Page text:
Liu, K. et al. Reversible tumorigenesis induced by deficiency of vasodilator-stimulated phosphoprotein. Mol. Cell. Biol. 19, 3696–3703 (1999).

  17. 17

    Kosaki, R., Watanabe, K. & Yamaguchi, Y. Overproduction of hyaluronan by expression of the hyaluronan synthase Has2 enhances anchorage-independent growth and tumorigenicity. Cancer Res. 59, 1141–1145 (1999).

  18. 18

    Entwistle, J., Hall, C.L. & Turley, E.A. HA receptors: regulators of signalling to the cytoskeleton. J. Cell. Biochem. 61, 569–577 (1996).

  19. 19

    Nguyen, D.H., Hussaini, I.M. & Gonias, S.L. Binding of urokinase-type plasminogen activator to its receptor in MCF-7 cells activates extracellular signal-regulated kinase 1 and 2 which is required for increased cellular motility. J. Biol. Chem. 273, 8502–8507 (1998).

  20. 20

    Feng, H. et al. CUL-2 is required for the G1-to-S-phase transition and mitotic chromosome condensation in Caenorhabditis elegans. Nature Cell Biol. 1, 486–492 (1999).

  21. 21

    Wang, X.W. et al. GADD45 induction of a G2/M cell cycle checkpoint. Proc. Natl. Acad. Sci. USA 96, 3706–3711 (1999).

  22. 22

    Harkin, D.P. et al. Induction of GADD45 and JNK/SAPK-dependent apoptosis following inducible expression of BRCA1. Cell 97, 575–586 (1999).

  23. 23

    Moorman, J.P., Bobak, D.A. & Hahn, C.S. Inactivation of the small GTP binding protein Rho induces multinucleate cell formation and apoptosis in murine T lymphoma EL4. J. Immunol. 156, 4146–4153 (1996).

  24. 24

    O'Connell, C.B., Wheatley, S.P., Ahmed, S. & Wang, Y.L. The small GTP-binding protein rho regulates cortical activities in cultured cells during division. J. Cell Biol. 144, 305–313 (1999).

  25. 25

    Madaule, P. et al. Role of citron kinase as a target of the small GTPase Rho in cytokinesis. Nature 394, 491–494 (1998).

  26. 26

    Guasch, R.M., Scambler, P., Jones, G.E. & Ridley, A.J. RhoE regulates actin cytoskeleton organization and cell migration. Mol. Cell. Biol. 18, 4761–4771 (1998).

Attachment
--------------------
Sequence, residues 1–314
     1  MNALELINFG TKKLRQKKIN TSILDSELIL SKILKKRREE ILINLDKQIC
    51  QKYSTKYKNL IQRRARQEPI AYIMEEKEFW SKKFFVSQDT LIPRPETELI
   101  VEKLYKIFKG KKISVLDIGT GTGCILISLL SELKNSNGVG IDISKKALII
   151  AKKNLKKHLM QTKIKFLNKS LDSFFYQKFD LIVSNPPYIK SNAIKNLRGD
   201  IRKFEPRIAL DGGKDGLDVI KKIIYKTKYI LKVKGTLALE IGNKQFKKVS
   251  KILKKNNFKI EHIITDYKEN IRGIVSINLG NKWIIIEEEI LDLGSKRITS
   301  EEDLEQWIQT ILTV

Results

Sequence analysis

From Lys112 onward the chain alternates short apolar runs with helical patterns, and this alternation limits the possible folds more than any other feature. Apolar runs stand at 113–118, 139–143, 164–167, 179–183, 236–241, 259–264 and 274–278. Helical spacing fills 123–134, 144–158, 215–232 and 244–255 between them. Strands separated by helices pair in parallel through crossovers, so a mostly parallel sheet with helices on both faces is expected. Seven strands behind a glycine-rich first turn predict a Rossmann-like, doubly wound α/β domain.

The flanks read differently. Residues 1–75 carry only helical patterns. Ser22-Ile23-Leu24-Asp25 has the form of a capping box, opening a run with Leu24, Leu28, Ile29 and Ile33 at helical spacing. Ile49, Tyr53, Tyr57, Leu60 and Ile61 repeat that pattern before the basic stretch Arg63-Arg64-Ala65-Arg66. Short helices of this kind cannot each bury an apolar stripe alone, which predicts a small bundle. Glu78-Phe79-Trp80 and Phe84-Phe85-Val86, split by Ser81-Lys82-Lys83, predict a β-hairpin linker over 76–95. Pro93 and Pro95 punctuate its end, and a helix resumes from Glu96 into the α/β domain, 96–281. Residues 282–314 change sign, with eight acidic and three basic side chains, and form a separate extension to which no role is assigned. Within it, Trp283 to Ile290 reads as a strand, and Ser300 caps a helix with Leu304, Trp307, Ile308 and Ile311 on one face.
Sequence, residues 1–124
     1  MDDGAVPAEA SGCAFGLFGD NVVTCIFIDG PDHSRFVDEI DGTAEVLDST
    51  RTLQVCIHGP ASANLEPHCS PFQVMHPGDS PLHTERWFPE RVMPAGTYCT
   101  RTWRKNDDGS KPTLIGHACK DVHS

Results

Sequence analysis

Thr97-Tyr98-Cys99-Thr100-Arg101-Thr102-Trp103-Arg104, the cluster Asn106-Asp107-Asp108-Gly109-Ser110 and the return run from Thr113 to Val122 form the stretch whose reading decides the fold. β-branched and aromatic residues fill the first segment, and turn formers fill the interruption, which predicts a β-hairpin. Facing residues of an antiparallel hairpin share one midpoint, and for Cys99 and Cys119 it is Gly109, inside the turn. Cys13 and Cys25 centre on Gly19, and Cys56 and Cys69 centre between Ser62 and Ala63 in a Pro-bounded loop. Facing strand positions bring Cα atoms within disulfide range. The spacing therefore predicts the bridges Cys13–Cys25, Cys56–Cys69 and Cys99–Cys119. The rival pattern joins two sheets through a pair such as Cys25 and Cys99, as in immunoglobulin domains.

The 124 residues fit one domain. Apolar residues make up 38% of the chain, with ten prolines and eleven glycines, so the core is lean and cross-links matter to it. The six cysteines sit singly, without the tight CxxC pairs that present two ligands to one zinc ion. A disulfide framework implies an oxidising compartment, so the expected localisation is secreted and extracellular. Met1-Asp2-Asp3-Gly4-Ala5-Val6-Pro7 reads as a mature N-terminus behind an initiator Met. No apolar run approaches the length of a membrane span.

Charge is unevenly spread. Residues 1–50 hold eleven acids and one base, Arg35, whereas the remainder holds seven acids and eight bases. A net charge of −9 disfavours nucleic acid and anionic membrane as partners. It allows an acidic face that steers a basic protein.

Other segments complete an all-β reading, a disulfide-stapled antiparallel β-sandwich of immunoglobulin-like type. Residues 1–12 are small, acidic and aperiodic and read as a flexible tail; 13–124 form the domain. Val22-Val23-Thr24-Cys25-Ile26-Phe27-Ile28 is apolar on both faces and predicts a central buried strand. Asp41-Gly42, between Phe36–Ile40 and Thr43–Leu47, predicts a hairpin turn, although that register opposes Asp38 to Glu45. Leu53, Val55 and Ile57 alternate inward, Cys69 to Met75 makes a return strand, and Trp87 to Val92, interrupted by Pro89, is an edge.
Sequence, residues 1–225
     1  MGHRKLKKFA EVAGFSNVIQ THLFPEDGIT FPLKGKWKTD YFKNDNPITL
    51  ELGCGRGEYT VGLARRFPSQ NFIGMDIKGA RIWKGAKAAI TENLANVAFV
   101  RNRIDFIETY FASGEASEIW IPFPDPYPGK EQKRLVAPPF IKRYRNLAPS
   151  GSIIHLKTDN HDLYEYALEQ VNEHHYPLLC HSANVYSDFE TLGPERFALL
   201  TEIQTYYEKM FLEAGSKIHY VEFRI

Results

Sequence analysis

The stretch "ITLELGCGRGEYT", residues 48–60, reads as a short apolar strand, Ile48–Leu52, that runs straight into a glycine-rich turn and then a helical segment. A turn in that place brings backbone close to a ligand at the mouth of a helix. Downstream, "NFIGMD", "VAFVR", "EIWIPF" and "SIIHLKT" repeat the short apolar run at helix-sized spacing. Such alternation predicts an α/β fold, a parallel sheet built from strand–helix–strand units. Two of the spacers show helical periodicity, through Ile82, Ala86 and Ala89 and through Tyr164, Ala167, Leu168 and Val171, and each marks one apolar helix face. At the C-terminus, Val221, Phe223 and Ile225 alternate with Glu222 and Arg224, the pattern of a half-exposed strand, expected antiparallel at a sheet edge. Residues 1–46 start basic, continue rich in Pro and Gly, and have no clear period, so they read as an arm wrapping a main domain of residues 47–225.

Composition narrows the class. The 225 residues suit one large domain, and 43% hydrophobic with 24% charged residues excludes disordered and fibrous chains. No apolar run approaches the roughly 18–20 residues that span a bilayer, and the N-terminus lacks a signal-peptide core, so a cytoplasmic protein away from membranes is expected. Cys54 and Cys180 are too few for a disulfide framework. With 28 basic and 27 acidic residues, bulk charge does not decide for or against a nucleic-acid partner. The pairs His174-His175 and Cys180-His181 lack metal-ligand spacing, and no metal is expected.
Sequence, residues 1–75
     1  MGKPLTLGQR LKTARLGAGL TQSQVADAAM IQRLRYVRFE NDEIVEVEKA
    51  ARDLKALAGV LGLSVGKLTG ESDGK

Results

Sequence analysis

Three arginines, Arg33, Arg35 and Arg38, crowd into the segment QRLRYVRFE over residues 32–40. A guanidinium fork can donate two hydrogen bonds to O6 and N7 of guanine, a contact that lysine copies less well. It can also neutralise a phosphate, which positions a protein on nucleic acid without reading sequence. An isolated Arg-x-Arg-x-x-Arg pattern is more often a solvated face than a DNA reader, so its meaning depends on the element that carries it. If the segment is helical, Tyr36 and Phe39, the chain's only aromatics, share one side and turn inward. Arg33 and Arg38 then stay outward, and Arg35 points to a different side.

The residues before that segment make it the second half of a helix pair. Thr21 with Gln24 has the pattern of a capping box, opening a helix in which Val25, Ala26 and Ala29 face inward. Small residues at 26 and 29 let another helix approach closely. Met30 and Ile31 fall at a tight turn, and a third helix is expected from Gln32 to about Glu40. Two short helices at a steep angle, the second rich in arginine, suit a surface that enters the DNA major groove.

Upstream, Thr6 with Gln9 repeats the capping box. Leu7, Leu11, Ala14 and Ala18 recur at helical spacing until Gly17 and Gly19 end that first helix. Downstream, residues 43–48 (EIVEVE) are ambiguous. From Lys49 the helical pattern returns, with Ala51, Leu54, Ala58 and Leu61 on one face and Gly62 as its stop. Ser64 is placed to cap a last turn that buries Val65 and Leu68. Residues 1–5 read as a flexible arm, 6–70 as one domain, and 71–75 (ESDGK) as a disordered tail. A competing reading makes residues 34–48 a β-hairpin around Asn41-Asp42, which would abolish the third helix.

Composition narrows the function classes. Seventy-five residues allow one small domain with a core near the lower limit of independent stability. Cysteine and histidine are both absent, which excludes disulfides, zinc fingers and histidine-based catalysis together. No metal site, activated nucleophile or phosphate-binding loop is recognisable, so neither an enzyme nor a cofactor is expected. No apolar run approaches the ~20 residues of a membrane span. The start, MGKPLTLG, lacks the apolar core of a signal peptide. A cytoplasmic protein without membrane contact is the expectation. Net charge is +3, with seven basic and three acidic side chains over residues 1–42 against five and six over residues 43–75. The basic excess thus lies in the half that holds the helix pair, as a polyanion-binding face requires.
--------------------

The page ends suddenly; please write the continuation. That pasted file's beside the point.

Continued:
27. 27

    Vallenius, T., Luukko, K. & Makela, T.P. CLP-36 PDZ-LIM protein associates with nonmuscle α-actinin-1 and α-actinin-4. J. Biol. Chem. 275, 11100–11105 (2000).

  28. 28

    Sato, N., Funayama, N., Nagafuchi, A., Yonemura, S. & Tsukita, S. A gene family consisting of ezrin, radixin and moesin. Its specific localization at actin filament/plasma membrane association sites. J. Cell Sci. 103, 131–143 (1992).

  29. 29

    Radhakrishna, H., Al-Awar, O., Khachikian, Z. & Donaldson, J.G. ARF6 requirement for Rac ruffling suggests a role for membrane trafficking in cortical actin rearrangements. J. Cell Sci. 112, 855–866 (1999).

  30. 30

    Kondo, A. et al. A new paxillin-binding protein, PAG3/Papα/KIAA0400, bearing an ADP-ribosylation factor GTPase-activating protein activity, is involved in paxillin recruitment to focal adhesions and cell migration. Mol. Biol. Cell 11, 1315–1327 (2000).

  31. 31

    Law, S.F., O'Neill, G.M., Fashena, S.J., Einarson, M.B. & Golemis, E.A. The docking protein HEF1 is an apoptotic mediator at focal adhesion sites. Mol. Cell. Biol. 20, 5184–5195 (2000).

  32. 32

    Leeuwen, F.N. et al. The guanine nucleotide exchange factor Tiam1 affects neuronal morphology; opposing roles for the small GTPases Rac and Rho. J. Cell Biol. 139, 797–807 (1997).

  33. 33

    Arai, M. & Kwiatkowski, D.J. Differential developmentally regulated expression of gelsolin family members in the mouse. Dev. Dyn. 215, 297–307 (1999).

  34. 34

    North, A.J. et al. Molecular map of the desmosomal plaque. J. Cell Sci. 112, 4325–4336 (1999).

  35. 35

    Assmann, V., Jenkinson, D., Marshall, J.F. & Hart, I.R. The intracellular hyaluronan receptor RHAMM/IHABP interacts with microtubules and actin filaments. J. Cell Sci. 112, 3943–3954 (1999).

  36. 36